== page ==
Cultural and Social Observations From My Trip to Seoul, South Korea

Words by:

Nyssa P. Chopra

Captivatingly charming. Undeniably underrated. Wonderfully welcoming. Marvelously modern. Effortlessly elegant.

Seoul was even better than I had imagined. I can’t wait to visit again, and hopefully explore the country beyond Seoul! In speaking with locals and expats during our 9 days in the city, here are my observations about Seoul and Korean culture.



ONE – The food in Seoul is simply fantastic. From street food to Michelin-starred restaurants, there’s literally something for everyone. Even the food in the food courts in the malls was delicious. I learned that there are more than 200 types of kimchi! The street food was very clean and safe, and we indulged almost daily, from tteokbokki to Korean honey pancakes to fried chicken. In addition, we had a Michelin experience and a traditional multi-course Korean feast — both of which were excellent and provided insight into the evolution of the country’s culture.

TWO – Transportation around the city is very efficient, civilized, and affordable. Though traffic can be challenging sometimes, especially when going from the north of the river to the south, taxis are very inexpensive and ubiquitous. Sometimes it’s faster to take the metro, which is just as great and has WiFi access. Rideshare companies such as Uber haven’t caught on in full force due to regulatory challenges, but you can still use Uber Black and hail regular metered taxis through the app, if you must.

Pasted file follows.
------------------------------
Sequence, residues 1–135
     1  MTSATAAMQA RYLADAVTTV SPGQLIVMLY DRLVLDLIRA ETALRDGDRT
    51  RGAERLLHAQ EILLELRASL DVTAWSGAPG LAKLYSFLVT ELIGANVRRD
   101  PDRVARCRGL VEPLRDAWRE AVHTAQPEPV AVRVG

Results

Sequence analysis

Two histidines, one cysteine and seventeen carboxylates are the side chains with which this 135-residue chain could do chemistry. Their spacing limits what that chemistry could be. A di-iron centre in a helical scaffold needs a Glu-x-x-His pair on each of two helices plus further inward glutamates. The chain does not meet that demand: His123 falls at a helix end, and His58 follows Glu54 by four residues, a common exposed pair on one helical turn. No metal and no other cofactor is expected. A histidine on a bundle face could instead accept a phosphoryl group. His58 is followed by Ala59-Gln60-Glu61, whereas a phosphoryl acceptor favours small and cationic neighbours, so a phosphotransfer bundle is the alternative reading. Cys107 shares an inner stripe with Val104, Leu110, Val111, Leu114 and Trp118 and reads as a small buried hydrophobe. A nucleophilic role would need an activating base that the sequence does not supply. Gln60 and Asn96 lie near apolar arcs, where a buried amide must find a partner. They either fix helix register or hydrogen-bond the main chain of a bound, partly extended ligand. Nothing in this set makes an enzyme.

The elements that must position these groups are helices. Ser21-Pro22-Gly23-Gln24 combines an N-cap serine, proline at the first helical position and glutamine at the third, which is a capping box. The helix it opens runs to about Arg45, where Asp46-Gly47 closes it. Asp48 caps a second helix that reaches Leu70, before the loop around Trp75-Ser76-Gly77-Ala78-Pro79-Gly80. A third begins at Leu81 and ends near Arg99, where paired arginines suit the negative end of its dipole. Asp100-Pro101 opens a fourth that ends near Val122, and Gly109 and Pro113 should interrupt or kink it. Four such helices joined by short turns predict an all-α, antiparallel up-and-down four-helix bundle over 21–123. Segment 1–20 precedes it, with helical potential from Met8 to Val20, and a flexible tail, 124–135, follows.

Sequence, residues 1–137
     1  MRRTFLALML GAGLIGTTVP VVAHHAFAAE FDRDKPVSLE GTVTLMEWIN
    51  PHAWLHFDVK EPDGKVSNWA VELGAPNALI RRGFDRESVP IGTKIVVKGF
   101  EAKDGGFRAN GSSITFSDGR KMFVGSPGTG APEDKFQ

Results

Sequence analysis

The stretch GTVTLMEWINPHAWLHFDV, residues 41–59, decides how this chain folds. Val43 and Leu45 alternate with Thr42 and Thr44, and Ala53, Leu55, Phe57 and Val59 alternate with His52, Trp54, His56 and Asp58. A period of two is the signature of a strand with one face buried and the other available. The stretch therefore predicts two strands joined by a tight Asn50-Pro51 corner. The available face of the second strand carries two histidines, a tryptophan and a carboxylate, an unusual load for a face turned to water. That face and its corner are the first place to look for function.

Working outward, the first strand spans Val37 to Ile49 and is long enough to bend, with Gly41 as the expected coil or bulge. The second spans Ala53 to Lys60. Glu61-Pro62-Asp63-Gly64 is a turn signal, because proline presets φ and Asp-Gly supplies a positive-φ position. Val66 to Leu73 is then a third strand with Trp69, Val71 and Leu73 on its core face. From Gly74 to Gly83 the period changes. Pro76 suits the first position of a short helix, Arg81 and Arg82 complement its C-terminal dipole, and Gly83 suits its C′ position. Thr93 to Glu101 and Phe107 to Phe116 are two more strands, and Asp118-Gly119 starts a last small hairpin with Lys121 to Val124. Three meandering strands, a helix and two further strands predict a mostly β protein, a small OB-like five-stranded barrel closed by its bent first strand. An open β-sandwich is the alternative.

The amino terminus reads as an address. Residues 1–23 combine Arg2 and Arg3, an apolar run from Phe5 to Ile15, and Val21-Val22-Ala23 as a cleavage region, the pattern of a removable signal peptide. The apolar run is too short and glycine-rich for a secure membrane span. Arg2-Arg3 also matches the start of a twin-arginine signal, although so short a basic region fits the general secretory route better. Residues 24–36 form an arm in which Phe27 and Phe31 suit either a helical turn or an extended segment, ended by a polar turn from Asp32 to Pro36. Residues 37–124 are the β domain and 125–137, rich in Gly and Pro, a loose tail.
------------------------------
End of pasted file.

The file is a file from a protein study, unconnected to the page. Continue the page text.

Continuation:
THREE – The shopping scene in Seoul is legendary. I had always heard that people go to South Korea to shop, but I didn’t fully understand that until now. There are duty-free shops, street stalls, department stores, and mega malls peppered throughout the city, many of which are open until 5a and enjoy millions of visitors daily. For tourists, you buy all your duty-free items in the store, and pick up your purchases in the airport (except Korean brands, which can be taken at the time of purchase). Myeongdong and Gangnam were some of my favorite shopping areas. Think: neon lights + labyrinthine alleyways lined with stores, shops, and stalls selling everything you could possibly want and need from skincare to textiles to food. It’s incredibly vibrant and open until the wee hours of the night. Some things to buy: soju (a local Korean spirit, tasted like vodka to me), skincare and face sheet masks (skincare is a serious sport here, and K-beauty brands are spreading like wildfire around the world), socks (for whatever reason, socks are one of the top rated souvenirs), coats (Korean women are among the best-dressed, in my humble opinion and the sheer selection of beautiful, feminine coats is jaw-dropping), and houseware (they have some of the most beautiful brass dinnerware and cutlery around).

FOUR – There are several US buildings around the city, most of which are delisted from map apps for security reasons. When I was meeting someone at one of the US Embassy buildings that didn’t have a public-facing purpose (i.e. non-consular), it was quite an adventure trying to figure out my way and explain to my non-English-speaking taxi driver how to get there. Luckily, through a serious game of charades and multiple stops of asking locals, I ultimately found it and on time, no less. ????????